I've been on the receiving end these last few days of some harsh criticism for saying San Francisco Chronicle photographer Darryl Bush's exquisite photograph of a solider leaving his girlfriend for Iraq was quasi-pornographic.
My critics are correct. I erred by suggesting it's quasi-pornographic. Drop the quasi. Bush's extraordinary snap is a spectacular example of the type of photograph Henri Cartier-Bresson characterized as a "decisive moment." But as used by the Chronicle, an image that in other contexts could be art or simply news reportage, becomes pornographic. If a qualifier is appropriate, call it military porn. That it is published just days before the fifth anniversary of the attacks on the World Trade Center and the Pentagon only adds to the propagandistic value of the photograph.
For those of you who missed the front page of the Chronicle from September first, allow me to set the scene again.
The image is an extraordinarily poignant and dramatic photograph of a soldier leaving home. It completely dominates the paper's front page, and it is framed so that when the paper sits in a sales box, all you see above the fold is the caption in upper case letters: A KISS FOR THE ROAD, and a fatigues-clad torso leaning out of a bus window. When you open the paper and spread it out to its full broadsheet size, the full-color picture explodes with an emotionally wrenching storyline used through the ages to summon men to war.
Above the shirt pocket on the fatigues are the words, "U.S. Marines." The soldier's head - reaching far out the window - sports its military buzz cut, and a pair of dark shades protects him. Reaching up to him is that paragon of American womanhood: a statuesque blonde. Their lips are just touching, precisely outlined. She's just 17, according to the story, he's a sturdy 19, and off for his training in the California desert before deployment to Iraq.
It is a gorgeous photograph. It is beautifully erotic, and perfectly composed, and mind numbingly depressing. As I wrote when I called it quasi-pornographic, its message is blatant: war = glory = sex.
It is pornographic not because of its sex appeal, but because of the impact it makes as an illustration covering a newspaper's front page, exacerbated by its headline: A KISS FOR THE ROAD. Its sex appeal is inexorably linked to war, and - because of the timing of its publication - not just with the Iraq War, but also with the Bush Administration's cynical attempts to continue to merge the Iraq War with the attacks five years ago.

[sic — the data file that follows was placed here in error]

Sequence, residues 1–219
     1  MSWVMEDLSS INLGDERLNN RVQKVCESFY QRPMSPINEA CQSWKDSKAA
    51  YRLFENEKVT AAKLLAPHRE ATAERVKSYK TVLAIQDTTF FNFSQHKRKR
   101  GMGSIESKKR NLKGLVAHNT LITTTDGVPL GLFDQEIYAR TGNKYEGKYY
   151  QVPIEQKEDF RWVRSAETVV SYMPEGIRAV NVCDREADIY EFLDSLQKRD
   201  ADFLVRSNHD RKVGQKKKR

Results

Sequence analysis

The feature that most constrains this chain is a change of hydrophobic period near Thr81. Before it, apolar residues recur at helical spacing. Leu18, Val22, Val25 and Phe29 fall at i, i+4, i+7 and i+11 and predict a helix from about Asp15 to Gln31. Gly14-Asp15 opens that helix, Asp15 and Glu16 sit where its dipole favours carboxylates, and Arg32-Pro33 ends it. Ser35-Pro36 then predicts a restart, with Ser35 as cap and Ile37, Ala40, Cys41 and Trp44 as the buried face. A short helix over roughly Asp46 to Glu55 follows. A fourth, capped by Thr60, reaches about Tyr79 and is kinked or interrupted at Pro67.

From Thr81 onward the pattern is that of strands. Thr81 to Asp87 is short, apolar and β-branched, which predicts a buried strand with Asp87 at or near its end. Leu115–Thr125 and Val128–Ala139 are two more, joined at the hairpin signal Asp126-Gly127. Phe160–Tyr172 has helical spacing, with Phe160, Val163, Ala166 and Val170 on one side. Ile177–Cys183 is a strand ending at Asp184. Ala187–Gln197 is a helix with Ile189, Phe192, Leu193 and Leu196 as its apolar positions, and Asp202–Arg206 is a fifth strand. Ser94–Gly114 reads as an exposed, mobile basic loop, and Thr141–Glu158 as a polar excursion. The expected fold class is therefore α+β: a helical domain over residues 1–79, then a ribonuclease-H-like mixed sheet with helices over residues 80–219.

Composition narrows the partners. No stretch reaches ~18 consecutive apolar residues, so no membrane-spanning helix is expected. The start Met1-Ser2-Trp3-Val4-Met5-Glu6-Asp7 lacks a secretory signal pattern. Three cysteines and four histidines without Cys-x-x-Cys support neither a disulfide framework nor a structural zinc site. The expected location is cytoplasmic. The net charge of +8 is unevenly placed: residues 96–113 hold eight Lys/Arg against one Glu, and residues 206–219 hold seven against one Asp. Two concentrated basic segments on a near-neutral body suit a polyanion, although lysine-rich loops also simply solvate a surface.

My colleague, the San Francisco writer Bruce Bellingham, checks in to say he agrees. He correctly notes that the use of the Darryl Bush photo is a nice tool for a military struggling to line up new recruits. And he laments the fact that such jingoist use of the media did not end with the lessons we were supposed to learn from the Vietnam War. Bellingham draws our attention back to 1966, and the poem Allen Ginsburg wrote at a table in the back of a Volkswagen bus as he crossed a U.S.A. largely still oblivious to the debacle in progress in Southeast Asia.
It is eerie to read Ginsburg's "Wichita Vortex Sutra" today, eerie because by just changing a few names and places, the poem howls about Iraq, our Vietnam redux. And Bellingham further points out that the "comely young lass, "as he calls the blonde in the Chronicle display, plays an iconic role in Ginsburg's work. "A billion dollars worth of Marines who loved Aunt Betty," Ginsburg wrote as he identified the troops and their pin-ups of Betty Grable, et al. War = glory = sex.
The day after printing Darryl Bush's stunning photograph, the Chronicle was forced to report on the latest Defense Department update to Congress on the bleak status of the war. The headline says it all. "Pentagon war report a sobering analysis: Stark assessment is in sharp contrast to Bush's optimism." Maybe the headline writer was reflecting on both President Bush and the pornographic optimism of how the paper used photographer Bush's picture.